My favorite parts: This is like an evening with your best friend and a couple bottles of wine. You want to keep chatting, even though what you’re chatting about is her terminal diagnosis and how she deals with it. It’s hopeful and exquisitely painful. It will make you want to solve breast cancer once and for all and hug your loved ones close the next time you can, every time you can. And you will grieve for this newfound friend that is already lost to you. I am still crying over the sweet sadness of this memoir.
Who it’s great for: Lovers of excellent memoirs, especially fans of When Breath Becomes Air. Anyone who is losing or has lost someone from a terminal illness.
What’s it about: A personal memoir of surviving and recovering from an eating disorder and abuse.
What made me pick it up: I love graphic memoirs and find they are a great medium for exploring personal traumas
My favorite things: Green is achingly honest and relatable. Her art is both lovely and despondent. She sheds light on the reality that eating disorders are about more than food and that not all are textbook cases.
Who it’s great for: Readers struggling to understand mental illness in someone they love.
I read a lot of books this year and enjoyed many of them. It’s hard to choose favorites, so I narrowed it down to only those books that were released during 2017. These books all received five out of five shells in my reviews.
Clayton Byrd Goes Underground by Rita Williams-Garcia
Rita Williams-Garcia is an incredible author whose middle-grade fiction always handles difficult subjects with ease and gentleness. Her newest release is no different. I loved going on an adventure with Clayton as he discovered truths about himself and his family through the power of music.
Every Body Yoga by Jessamyn Stanley
I wouldn’t have believed you if you’d told me at the beginning of the year that a book about yoga would make my best-of list, but here we are! Beyond just making yoga more accessible, the biggest take away from this book is that no matter who you are and what your physical limitations may be, your body and mind deserve to be nourished and prioritized.
Hunger by Roxane Gay
This was one of my most anticipated reads for the year and it exceeded all of my expectations. I still feel it in my chest when I reflect on the experiences Roxane Gay shares in this heartbreaking memoir.
The Hate U Give by Angie Thomas
This book deserves every ounce of praise that it’s received this year. It’s a stunning YA debut about police violence and the movement for black lives. You definitely need to pick it up if you haven’t already read it. Do it!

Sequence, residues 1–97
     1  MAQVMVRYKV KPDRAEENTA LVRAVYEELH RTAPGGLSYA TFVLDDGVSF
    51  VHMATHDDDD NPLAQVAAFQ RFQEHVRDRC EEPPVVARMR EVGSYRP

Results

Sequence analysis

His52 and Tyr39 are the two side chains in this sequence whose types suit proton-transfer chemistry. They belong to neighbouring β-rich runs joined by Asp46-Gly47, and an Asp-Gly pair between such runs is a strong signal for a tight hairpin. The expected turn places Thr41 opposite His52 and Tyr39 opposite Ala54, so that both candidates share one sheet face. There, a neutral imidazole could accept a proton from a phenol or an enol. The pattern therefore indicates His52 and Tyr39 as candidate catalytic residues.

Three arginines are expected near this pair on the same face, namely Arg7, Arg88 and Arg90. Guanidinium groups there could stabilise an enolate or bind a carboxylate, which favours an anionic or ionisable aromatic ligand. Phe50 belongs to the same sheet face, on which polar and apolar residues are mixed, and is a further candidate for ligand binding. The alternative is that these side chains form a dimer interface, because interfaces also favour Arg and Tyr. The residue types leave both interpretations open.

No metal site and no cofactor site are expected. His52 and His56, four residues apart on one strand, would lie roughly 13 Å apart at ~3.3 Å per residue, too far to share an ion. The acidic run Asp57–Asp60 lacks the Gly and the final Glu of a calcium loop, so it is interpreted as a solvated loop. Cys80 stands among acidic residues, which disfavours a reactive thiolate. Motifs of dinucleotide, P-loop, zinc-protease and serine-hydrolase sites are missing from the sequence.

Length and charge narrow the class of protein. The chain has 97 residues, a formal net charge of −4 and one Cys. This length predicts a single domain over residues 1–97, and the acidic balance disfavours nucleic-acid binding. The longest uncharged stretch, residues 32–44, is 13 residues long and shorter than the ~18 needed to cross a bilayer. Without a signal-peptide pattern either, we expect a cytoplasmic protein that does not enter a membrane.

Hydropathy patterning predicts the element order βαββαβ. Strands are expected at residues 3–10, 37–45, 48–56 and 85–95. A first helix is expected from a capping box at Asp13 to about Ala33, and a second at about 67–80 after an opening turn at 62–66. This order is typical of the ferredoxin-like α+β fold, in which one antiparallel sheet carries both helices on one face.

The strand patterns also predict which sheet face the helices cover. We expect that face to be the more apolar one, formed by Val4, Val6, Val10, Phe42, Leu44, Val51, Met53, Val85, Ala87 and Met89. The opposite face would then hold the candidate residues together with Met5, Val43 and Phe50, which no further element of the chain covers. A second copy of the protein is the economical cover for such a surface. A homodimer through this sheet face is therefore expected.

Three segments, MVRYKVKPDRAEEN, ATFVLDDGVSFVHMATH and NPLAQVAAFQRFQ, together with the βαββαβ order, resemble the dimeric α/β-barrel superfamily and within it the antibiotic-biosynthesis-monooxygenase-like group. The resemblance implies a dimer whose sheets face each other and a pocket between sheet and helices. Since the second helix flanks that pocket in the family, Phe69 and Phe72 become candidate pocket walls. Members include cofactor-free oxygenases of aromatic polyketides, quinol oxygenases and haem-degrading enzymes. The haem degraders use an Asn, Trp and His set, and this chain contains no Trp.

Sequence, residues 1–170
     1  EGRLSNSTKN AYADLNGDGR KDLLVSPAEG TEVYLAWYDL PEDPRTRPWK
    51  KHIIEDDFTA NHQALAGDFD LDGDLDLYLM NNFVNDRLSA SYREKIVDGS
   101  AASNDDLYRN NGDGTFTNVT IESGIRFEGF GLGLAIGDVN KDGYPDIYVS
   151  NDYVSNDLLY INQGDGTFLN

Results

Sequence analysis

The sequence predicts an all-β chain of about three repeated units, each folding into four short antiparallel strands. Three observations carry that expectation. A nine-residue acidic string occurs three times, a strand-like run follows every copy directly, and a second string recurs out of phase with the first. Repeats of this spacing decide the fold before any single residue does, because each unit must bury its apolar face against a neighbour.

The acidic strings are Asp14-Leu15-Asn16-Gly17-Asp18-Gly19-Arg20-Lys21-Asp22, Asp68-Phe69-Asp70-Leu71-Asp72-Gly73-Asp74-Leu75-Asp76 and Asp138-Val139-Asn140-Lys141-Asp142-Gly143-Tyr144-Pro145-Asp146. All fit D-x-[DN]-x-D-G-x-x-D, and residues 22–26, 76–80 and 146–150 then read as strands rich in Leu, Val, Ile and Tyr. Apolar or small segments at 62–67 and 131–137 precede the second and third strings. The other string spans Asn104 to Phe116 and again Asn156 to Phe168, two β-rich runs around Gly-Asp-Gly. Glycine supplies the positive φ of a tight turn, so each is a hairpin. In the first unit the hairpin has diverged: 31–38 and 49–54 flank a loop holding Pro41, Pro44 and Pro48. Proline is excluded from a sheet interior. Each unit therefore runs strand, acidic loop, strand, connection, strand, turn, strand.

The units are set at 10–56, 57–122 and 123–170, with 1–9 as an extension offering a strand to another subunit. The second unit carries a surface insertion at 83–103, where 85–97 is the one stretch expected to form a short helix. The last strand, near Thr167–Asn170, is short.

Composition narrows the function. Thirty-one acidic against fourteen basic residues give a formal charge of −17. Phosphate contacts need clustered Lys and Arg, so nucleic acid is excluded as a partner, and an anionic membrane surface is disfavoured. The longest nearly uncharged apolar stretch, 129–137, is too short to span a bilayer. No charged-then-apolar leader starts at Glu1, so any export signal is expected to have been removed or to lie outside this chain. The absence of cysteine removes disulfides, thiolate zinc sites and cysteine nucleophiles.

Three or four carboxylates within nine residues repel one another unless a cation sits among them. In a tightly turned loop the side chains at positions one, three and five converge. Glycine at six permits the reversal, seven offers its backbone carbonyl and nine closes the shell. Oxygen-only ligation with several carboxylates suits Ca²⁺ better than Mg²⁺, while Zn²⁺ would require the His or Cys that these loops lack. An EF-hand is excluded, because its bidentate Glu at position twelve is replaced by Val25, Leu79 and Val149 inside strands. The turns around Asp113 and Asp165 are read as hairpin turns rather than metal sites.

What it’s about: Think Winter’s Bone meets a politician’s pre-campaign book release and that’s pretty much what you’ve got.
What made me pick it up: Let me start by saying that I’m not from Appalachia, but I grew up in a much more economically stable (read: college town) community nearby. Growing up I was acutely aware that there was a sharp economic and cultural divide between families associated with the university and those from working-class backgrounds that had been around for generations. That is to say that I am not from the community Vance is discussing, but I have lived most of my life in close proximity to another part of Appalachia and have been consistently disappointed with the way it is represented and talked down to by people who want to ‘save’ it. When I saw the rave reviews for Hillbilly Elegy I was excited to read a voice from within Appalachia speaking about it.
My favorite things: Okaaaay. I did not love this book. I probably should have read reviews a bit more closely, but I wasn’t prepared for this book to be quite so politically charged as it is. Maybe I read it this way because I am inclined to disagree with nearly all of his conclusions, but it seems to me that Vance has incredibly little compassion for the members of a community he professes to love. Vance spends the first chunk of the book singing the praises of his hillbilly Mamaw and Papaw and then subtly, and perhaps not intentionally, turns toward a much more critical discussion of the challenges faced by these communities. What I am struggling with the most is that this book is being read and celebrated as universally true for people from Appalachian communities when it is definitely not. Vance’s Appalachia is comprised of people who would rather talk about working hard than actually work hard, suffer addiction due to poor choices, and are – apparently – all white.
Abby recommends: Look, everybody seems to be reading this book right now and many are taking it as a universal truth for Appalachian life and poverty. So, definitely read this, but then read bell hooks’ poetry in Appalachian Elegy.
What it’s about: Roxane Gay reflects on her life in her body. She explores struggles with size, eating disorders, assault, and what it’s like to exist in a world that wasn’t designed to accommodate your body.
What made me pick it up: I love Roxane Gay’s work and I thought this book sounded important.
My favorite things: Take a deep breath before you dive into this because it is deep, raw, and painfully honest. She doesn’t shy away from details of her assault or the ways she thinks of her assailant to this day. She even takes the time to explain why she’s more comfortable identifying as a victim of sexual violence rather than as a survivor – without condemning or questioning those who do identify as survivors. The courage and openness throughout Hunger is consistently inspiring.
Who it’s great for: Fans of Roxane Gay’s other work. Memoir readers looking for something heavy to dig into.